UK ready meals player Bakkavor has said its sales volumes have stabilised and show “early signs of recovery in all markets” after weakened trading during the early stages of the coronavirus lockdown.
Ahead of its AGM this morning, Bakkavor said the coronavirus outbreak had created “significant operational challenges across our business”.
While colleagues, supply chain and infrastructure responded “exceptionally well” to the crisis, its business in China was severely impacted towards the end of January and its UK and US businesses saw a sharp reduction in sales volumes in the last week of March and into April.
However, since that time, sales volumes in all three regions have stabilised and are showing early signs of recovery, with group like-for-like revenue for the five months to the end of May down around 5% compared to the same period last year.
In the UK, the market remains volatile, as frequency of shopping visits has reached historically low levels and consumer shopping habits continue to adjust and evolve, it said.
UK like-for-like revenues were down 19% in April and 13% in May compared with the same period last year. Performance across its meals, pizza & bread, and desserts categories has steadily improved, although its salads category and food to go products continue to be impacted, with significantly lower volumes year on year.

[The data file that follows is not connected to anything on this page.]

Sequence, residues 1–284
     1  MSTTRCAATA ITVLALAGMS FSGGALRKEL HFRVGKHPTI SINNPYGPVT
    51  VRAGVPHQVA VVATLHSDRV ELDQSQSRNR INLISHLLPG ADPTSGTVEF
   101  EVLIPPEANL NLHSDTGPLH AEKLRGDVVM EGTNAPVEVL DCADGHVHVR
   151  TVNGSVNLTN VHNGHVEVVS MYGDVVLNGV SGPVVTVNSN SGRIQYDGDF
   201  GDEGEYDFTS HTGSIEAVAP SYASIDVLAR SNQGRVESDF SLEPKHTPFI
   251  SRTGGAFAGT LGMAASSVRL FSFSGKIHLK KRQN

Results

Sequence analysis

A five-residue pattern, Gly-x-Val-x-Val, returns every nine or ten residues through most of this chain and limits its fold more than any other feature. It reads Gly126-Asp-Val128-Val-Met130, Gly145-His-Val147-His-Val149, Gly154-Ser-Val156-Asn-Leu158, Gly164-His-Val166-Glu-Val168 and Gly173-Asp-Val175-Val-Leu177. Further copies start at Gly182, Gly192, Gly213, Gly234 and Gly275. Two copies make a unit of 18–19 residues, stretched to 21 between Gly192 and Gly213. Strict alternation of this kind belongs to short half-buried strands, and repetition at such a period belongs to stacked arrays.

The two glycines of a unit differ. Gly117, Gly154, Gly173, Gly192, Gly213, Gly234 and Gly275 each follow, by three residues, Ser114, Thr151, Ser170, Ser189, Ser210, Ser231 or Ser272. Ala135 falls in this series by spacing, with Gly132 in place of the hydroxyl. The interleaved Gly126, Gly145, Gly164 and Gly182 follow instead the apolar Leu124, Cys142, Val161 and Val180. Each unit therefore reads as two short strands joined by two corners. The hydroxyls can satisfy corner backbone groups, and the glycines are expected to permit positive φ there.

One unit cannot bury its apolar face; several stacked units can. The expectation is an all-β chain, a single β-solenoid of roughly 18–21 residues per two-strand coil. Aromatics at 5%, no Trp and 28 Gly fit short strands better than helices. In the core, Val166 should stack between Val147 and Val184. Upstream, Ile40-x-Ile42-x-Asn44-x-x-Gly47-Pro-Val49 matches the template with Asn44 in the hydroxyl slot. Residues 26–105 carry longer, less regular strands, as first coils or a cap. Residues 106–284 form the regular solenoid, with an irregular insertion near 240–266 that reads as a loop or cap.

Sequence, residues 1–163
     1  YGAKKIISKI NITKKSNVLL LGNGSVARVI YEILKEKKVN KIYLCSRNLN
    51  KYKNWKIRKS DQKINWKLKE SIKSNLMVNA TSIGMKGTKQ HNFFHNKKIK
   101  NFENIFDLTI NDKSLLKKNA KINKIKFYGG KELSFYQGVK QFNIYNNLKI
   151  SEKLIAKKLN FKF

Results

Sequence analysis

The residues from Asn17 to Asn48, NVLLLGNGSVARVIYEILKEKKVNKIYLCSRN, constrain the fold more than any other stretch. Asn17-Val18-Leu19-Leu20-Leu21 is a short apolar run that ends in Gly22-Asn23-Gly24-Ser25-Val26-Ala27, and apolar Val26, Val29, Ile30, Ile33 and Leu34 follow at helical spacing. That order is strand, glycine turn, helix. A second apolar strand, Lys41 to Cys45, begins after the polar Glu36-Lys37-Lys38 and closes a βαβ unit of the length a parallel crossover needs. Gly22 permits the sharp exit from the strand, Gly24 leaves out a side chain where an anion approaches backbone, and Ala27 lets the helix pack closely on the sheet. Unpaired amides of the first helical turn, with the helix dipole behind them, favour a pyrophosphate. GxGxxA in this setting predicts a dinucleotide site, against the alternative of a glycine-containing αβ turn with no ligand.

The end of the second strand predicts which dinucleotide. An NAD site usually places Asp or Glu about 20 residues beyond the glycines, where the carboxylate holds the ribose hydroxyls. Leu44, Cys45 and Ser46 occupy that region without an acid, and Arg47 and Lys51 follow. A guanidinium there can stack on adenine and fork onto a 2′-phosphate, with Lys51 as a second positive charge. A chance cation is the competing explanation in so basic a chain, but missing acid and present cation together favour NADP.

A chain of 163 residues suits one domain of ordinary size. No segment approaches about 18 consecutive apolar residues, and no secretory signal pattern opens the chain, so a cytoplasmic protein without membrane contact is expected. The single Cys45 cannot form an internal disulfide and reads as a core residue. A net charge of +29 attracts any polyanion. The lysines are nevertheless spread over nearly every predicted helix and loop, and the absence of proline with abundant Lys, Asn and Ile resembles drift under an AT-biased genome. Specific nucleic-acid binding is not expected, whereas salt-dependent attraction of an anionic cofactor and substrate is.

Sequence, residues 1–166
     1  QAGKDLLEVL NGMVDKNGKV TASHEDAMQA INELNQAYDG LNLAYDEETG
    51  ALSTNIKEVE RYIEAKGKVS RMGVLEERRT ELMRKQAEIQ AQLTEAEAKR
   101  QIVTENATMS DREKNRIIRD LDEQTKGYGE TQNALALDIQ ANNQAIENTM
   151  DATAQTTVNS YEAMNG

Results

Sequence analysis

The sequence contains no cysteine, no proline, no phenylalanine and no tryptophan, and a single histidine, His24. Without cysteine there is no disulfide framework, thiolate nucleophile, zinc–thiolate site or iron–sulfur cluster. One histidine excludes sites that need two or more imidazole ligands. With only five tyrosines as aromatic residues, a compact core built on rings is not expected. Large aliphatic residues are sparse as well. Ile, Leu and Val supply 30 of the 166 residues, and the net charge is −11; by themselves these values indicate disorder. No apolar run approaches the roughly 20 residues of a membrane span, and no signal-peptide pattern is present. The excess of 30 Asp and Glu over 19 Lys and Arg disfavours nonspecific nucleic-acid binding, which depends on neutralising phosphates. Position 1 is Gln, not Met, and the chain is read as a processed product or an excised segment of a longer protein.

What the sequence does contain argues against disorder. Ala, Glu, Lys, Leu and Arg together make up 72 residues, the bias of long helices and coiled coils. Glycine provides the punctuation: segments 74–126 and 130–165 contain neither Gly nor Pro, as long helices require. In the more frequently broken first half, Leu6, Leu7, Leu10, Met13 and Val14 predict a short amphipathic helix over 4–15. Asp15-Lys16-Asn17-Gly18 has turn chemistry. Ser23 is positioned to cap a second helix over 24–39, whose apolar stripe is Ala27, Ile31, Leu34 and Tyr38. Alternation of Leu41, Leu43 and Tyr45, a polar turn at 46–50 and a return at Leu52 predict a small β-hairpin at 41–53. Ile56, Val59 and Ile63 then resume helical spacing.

“Although there remains significant uncertainty around trading levels for the second half of the year, we are seeing overall demand for fresh, healthy and convenient food steadily increase, albeit from a lower base,” Bakkavor stated.
Bakkavor said it has increased our market share during the crisis and is working closely together with retail customers to drive growth back into categories and to expand ranges that were simplified at the start of the outbreak.
In the US it took actions to review products and adjust capacity to adapt to the current lower demand, which has limited the financial impact to the business.